In "Lines Written in Early Spring," the speaker is reclining in a grove, listening to birdsong and enjoying the spring flowers, when he begins to feel rather sad: he cannot help but contrast the beauty and perfection he sees in Nature with mankind’s imperfections. In this way, the poet is describing an imperfect (unhappy) human contemplating an Eden-like scene:
To her fair works did Nature link
The human soul that through me ran;
And much it grieved my heart to think
What man has made of man.
So if Wordsworth is comparing and contrasting the works of Nature (beauty and perfection) with “What man has made of man,” then it stands to reason that he is describing the unnatural aspects of human industry: the wars, strife, and grief which lead to human suffering and unhappiness.
Wordsworth underlines this a little further in the fourth and fifth stanza, when he wonders if these beautiful works of nature are happy:
The birds around me hopped and played,
Their thoughts I cannot measure:—
But the least motion which they made
It seemed a thrill of pleasure.
He concludes that they are:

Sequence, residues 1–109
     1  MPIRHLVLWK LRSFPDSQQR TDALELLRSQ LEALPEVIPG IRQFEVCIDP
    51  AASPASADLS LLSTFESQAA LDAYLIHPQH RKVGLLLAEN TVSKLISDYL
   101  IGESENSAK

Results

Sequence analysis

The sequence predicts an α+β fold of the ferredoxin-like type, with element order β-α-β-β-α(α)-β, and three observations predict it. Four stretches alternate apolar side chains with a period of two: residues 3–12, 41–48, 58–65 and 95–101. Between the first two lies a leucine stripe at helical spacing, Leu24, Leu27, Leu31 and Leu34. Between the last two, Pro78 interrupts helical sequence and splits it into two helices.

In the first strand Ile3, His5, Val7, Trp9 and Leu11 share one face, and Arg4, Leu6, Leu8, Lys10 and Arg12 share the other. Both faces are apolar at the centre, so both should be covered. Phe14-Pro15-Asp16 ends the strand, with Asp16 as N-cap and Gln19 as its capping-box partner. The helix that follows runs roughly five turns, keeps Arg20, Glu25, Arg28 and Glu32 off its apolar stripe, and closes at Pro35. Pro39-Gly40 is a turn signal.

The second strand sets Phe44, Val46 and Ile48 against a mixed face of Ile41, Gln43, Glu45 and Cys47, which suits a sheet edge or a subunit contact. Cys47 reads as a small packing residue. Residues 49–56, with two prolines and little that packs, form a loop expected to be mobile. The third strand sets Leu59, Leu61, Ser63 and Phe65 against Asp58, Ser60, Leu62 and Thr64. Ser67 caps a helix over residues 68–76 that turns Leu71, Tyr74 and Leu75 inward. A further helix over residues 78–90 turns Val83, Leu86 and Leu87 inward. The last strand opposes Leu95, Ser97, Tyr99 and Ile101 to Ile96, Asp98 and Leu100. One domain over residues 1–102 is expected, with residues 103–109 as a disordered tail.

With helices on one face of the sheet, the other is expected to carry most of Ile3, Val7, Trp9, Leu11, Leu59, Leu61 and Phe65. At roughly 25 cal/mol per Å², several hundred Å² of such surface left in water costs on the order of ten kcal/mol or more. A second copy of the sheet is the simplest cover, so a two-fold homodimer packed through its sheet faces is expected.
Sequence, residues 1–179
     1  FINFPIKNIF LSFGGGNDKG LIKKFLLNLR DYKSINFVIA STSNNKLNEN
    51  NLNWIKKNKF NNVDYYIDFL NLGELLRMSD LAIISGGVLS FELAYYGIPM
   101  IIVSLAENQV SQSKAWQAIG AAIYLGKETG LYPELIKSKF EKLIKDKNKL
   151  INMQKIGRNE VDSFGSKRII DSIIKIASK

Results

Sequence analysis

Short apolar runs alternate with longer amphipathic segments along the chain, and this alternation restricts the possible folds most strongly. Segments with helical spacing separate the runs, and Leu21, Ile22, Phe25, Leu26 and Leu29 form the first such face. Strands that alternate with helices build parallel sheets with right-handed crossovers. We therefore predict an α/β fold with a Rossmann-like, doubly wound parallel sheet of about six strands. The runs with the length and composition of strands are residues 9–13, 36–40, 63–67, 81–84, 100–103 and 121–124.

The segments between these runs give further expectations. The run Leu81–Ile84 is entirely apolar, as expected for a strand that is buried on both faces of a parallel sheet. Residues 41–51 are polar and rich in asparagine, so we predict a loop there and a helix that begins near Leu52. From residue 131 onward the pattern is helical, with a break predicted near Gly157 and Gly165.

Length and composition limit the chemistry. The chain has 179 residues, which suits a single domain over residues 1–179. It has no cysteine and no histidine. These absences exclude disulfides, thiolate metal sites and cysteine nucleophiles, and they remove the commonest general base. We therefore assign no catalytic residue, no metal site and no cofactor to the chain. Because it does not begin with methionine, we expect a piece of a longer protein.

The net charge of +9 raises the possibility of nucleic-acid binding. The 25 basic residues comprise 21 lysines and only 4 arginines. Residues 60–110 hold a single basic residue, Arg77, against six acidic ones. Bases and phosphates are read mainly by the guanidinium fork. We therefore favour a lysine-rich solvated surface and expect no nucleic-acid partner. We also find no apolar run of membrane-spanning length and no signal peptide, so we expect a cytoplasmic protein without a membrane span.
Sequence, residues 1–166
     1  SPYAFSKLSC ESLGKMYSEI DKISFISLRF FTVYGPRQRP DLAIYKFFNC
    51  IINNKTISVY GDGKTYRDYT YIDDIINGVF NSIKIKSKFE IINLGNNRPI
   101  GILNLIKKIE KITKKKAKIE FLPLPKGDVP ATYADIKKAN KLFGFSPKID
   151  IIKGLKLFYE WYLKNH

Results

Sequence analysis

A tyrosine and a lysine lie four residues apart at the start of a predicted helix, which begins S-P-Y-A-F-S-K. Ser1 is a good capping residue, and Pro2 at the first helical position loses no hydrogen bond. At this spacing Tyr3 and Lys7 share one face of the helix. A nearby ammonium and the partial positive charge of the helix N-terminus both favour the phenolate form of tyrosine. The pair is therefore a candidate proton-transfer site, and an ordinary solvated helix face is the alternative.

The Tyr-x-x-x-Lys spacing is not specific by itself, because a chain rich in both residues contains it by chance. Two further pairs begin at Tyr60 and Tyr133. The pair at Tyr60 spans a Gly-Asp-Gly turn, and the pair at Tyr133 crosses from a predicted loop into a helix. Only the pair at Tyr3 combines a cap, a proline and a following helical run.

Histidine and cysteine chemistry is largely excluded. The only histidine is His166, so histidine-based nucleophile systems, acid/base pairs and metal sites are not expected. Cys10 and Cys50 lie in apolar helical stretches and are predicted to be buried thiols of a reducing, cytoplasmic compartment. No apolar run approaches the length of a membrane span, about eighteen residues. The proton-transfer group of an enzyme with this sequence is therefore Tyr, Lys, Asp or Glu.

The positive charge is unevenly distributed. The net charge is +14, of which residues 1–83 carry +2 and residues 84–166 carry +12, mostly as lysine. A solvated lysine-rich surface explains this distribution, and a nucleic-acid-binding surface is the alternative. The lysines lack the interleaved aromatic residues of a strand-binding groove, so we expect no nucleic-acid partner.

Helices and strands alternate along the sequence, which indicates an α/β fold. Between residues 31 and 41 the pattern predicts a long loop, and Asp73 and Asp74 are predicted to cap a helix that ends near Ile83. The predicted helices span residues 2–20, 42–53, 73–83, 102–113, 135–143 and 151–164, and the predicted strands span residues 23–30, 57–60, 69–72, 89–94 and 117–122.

And I must think, do all I can,
That there was pleasure there.
Ultimately he decides that the happiness of nature must be a “holy plan.” Therefore, if Nature’s holy plan, its divine intention, is happiness, then the suffering, war, and strife created by Man--"what Man has made of Man"--is all the more regrettable:
If this belief from heaven be sent,
If such be Nature’s holy plan,
Have I not reason to lament
What man has made of man?
So our analysis shows that when Wordsworth uses the words, “What man has made of man,” he is referring to the works of Man, which are negative actions such as wars, producing sorrow and conflict, in contrast with the works of Nature--positive creations such as flowers and birdsong, which produce beauty and happiness.